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The War at Home | American Experience | PBS


On a Saturday evening in July 1944, Private Booker T. Spicely boarded a segregated bus from Durham, North Carolina back to his military base, Camp Butner. When some white soldiers got on, the bus driver shouted at Spicely to move to the last row.

“I thought I was fighting this war for democracy,” Spicely protested. “We’re both wearing the same uniform.”

Private Spicely never made it back to base that night.

This short was inspired by the American Experience documentary, THE BLINDING OF ISAAC WOODARD.

Official Website: https://www.pbs.org/wgbh/americanexperience/films/blinding-isaac-woodard/ | #IsaacWoodardPBS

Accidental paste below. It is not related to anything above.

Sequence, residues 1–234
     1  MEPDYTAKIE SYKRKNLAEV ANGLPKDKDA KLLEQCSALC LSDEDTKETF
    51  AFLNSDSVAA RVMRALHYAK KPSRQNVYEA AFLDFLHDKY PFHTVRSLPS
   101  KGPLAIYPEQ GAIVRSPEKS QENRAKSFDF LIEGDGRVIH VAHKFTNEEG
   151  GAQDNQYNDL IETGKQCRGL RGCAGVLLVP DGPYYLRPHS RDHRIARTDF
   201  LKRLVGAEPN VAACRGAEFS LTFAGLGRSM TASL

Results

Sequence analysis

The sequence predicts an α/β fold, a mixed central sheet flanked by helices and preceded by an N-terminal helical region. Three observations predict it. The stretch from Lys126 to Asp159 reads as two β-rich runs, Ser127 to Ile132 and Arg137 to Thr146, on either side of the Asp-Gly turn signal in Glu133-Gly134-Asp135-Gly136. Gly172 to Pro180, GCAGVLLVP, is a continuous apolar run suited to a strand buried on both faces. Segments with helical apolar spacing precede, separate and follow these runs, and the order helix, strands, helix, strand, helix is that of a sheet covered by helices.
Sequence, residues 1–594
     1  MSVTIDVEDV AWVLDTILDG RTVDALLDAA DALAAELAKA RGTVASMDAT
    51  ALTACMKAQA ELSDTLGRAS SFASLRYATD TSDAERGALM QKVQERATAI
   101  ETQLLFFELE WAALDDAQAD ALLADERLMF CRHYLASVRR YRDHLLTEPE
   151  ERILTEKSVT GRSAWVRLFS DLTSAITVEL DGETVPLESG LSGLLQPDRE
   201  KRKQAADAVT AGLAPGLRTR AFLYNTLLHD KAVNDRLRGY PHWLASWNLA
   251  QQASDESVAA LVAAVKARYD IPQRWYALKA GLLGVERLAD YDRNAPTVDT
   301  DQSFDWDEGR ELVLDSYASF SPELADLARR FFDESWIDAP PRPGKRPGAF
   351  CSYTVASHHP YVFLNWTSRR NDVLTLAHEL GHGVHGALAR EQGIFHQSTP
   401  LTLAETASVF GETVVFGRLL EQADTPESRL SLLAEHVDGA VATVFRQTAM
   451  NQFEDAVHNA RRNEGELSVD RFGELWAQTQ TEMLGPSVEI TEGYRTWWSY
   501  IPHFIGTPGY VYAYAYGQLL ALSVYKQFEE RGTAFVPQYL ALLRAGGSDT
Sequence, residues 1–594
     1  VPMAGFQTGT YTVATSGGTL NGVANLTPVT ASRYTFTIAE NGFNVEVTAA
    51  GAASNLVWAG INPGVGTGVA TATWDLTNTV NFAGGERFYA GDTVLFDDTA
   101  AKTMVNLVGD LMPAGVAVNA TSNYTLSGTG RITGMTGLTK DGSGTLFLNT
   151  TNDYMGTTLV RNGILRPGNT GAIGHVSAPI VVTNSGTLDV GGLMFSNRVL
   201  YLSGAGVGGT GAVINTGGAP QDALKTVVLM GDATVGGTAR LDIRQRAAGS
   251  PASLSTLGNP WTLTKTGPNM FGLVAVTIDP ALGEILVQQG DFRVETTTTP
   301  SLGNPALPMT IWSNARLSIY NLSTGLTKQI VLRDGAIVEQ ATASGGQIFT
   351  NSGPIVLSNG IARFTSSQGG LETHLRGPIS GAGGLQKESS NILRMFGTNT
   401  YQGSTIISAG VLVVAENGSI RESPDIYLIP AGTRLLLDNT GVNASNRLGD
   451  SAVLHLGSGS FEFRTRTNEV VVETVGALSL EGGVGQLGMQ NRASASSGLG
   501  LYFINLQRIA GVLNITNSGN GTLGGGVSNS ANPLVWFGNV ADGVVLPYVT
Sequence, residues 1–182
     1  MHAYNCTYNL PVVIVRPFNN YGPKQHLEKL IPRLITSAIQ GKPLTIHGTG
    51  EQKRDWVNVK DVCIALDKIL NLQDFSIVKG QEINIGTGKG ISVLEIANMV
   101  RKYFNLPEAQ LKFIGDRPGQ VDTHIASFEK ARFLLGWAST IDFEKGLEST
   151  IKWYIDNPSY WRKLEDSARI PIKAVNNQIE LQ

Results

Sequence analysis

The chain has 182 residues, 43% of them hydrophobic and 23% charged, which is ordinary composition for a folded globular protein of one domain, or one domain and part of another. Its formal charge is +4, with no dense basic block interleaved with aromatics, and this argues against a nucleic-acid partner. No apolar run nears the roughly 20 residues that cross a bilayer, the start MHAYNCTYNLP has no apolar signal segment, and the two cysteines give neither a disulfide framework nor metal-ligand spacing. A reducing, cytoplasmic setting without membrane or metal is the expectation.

In 1946, Isaac Woodard, a Black army sergeant on his way home to South Carolina after serving in WWII, was pulled from a bus for arguing with the driver. The local chief of police savagely beat him, leaving him unconscious and permanently blind. The shocking incident made national headlines and, when the police chief was acquitted by an all-white jury, the blatant injustice would change the course of American history. Based on Richard Gergel’s book Unexampled Courage, the film details how the crime led to the racial awakening of President Harry Truman, who desegregated federal offices and the military two years later. The event also ultimately set the stage for the Supreme Court’s landmark 1954 Brown v. Board of Education decision, which finally outlawed segregation in public schools and jumpstarted the modern civil rights movement.

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